The byzantine system of rating hotel and guesthouse accommodation may soon be overhauled to help to encourage British people to take their holidays in the country.

The Culture minister Kim Howells said that he was considering establishing a Government-endorsed standard to replace the many rating systems, which he said were "shambolic" and confused the consumer.

Mr Howells told the launch of a campaign to boost tourism in England: "The current scheme is immensely complicated and we are looking at this at the moment. We need to make it simpler to understand. Until we do there is no way of guaranteeing that having four stars means you will get four-star service."

The different star systems resulted in a complete muddle, he said. Some hotels are judged by the AA, the RAC and national tourist board.

The Department for Culture, Media and Sport, which is responsible for domestic tourism, called three years ago for the establishment of an industry standard to replace the crowns, thistles and rosettes awarded to hotels.

The AA, the RAC and English Tourist Board, as it was then, agreed, but the Welsh and Scottish tourist boards argued that the new unified system was not appropriate for their family-run hotels, many of which would struggle to achieve a one-star rating because they were too small.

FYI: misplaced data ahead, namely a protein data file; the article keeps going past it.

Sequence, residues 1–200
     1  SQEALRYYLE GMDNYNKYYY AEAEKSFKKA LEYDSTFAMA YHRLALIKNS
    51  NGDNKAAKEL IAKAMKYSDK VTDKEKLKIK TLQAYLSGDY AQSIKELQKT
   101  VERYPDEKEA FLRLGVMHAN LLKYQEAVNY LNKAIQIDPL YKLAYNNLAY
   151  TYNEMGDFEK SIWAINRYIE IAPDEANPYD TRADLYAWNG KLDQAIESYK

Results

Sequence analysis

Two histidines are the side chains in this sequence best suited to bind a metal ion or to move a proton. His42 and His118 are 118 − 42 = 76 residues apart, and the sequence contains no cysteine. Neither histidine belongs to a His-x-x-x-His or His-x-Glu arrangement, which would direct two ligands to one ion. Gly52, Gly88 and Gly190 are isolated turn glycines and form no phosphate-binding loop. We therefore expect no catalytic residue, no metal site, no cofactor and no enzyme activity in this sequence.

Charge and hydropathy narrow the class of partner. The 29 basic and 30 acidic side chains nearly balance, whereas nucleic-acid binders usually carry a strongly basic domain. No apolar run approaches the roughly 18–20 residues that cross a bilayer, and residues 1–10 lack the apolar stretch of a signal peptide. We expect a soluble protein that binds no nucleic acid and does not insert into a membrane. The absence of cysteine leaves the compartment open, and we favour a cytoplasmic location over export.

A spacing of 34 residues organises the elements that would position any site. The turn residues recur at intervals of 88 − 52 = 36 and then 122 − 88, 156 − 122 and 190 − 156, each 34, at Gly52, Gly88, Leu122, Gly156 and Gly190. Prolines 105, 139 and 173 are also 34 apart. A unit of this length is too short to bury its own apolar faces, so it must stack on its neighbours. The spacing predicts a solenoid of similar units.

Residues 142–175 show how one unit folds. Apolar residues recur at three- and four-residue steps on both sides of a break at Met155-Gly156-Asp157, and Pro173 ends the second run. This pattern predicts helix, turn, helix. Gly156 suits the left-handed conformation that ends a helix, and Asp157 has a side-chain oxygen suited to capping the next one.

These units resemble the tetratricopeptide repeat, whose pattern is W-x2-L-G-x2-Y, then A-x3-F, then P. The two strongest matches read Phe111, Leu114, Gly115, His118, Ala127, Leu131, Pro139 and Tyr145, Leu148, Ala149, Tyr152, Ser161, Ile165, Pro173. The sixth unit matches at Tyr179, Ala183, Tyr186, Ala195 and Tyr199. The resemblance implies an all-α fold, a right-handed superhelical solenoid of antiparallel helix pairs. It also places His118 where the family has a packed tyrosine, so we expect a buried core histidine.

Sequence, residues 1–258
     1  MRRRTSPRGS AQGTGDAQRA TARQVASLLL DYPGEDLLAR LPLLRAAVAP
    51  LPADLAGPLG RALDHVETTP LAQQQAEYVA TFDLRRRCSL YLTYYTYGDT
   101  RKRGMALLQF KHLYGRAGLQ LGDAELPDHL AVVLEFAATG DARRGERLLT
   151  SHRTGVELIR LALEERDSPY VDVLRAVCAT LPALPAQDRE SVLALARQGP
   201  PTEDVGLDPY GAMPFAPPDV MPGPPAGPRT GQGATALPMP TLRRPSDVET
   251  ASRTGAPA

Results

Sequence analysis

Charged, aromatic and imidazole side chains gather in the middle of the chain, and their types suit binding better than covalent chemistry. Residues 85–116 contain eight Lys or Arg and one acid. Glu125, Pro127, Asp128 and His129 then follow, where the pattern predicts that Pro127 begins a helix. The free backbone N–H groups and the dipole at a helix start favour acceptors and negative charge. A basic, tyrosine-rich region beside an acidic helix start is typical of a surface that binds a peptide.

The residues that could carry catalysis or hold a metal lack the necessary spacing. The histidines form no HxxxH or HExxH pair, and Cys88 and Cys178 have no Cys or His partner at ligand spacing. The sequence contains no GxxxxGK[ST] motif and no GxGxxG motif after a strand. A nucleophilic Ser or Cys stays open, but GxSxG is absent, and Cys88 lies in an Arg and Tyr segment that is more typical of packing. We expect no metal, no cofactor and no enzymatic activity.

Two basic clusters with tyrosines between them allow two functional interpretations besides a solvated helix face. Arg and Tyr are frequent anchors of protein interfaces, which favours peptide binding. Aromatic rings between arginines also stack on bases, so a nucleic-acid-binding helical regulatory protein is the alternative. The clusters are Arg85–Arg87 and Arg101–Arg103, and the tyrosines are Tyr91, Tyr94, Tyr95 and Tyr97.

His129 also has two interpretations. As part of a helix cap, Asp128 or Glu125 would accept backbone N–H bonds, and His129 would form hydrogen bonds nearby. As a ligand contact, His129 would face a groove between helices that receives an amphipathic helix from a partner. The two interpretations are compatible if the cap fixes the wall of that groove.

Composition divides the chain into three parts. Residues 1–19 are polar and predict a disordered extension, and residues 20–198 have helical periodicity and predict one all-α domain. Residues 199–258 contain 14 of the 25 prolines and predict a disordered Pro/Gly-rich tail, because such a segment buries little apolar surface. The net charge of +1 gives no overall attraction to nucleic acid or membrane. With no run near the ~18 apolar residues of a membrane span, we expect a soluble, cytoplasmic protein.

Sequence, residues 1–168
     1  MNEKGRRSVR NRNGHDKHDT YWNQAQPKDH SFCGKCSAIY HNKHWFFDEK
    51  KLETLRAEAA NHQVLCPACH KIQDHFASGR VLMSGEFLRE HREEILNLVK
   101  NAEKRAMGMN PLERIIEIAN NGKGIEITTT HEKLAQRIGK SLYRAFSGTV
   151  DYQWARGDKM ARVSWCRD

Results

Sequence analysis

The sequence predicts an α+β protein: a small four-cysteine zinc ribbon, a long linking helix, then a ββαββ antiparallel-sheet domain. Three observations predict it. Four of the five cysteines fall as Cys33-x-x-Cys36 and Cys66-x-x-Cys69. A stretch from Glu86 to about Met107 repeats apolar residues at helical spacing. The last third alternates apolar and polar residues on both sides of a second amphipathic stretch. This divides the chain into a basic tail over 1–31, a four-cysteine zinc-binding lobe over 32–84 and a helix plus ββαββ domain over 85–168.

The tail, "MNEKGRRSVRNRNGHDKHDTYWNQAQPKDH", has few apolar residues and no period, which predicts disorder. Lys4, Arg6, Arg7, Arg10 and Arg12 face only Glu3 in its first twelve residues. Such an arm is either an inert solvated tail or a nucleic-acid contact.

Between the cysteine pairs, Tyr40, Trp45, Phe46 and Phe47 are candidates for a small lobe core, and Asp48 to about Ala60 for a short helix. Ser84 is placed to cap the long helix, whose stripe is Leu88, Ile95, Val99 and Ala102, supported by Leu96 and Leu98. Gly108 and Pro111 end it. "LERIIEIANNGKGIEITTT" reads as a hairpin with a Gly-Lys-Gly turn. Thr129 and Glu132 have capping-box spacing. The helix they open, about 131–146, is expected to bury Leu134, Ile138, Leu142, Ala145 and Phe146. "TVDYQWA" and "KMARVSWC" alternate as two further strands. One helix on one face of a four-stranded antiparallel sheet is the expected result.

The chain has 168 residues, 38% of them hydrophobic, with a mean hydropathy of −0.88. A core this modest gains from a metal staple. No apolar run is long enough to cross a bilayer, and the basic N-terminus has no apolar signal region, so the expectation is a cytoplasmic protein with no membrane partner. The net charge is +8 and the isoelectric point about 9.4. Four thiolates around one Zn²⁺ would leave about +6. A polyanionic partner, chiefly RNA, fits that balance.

So they continued with their own rating systems, which means that travellers going to Wales from Shrewsbury and Chester have to do more than just change trains – they have to get their heads around a different set of rules.

The rating system was listed yesterday, with lack of information, bad public transport and expensive hotels, as a shortcoming in the tourism industry that needed to be remedied as part of the "Enjoy England" campaign.

Tourism authorities have invested £4m in promoting England to domestic tourists in the first campaign of its kind for 10 years. Aimed at people aged 30 to 40 as well as pensioners, the campaign is hoping to generate an extra 250,000 trips within England between now and mid-July amid concerns that Scotland and Wales are leaving England behind as tourist destinations.

The campaign is organised by VisitBritain, an organisation formed by the merger of the English Tourism Council and the British Tourist Authority.

The campaign shifts the focus towards "hidden gems" in England, such as the Cumbrian coastline, the canal development and shopping in Birmingham, Northumbrian cuisine and smaller London markets such as Bermondsey Antiques Market, Brixton Market and Borough Market.

Tom Wright, chief executive of VisitBritain, said: "We want the British to be as excited by England as our 20 million overseas visitors. England has so much to offer and the tourism industry has benefited from huge levels of investment in recent years."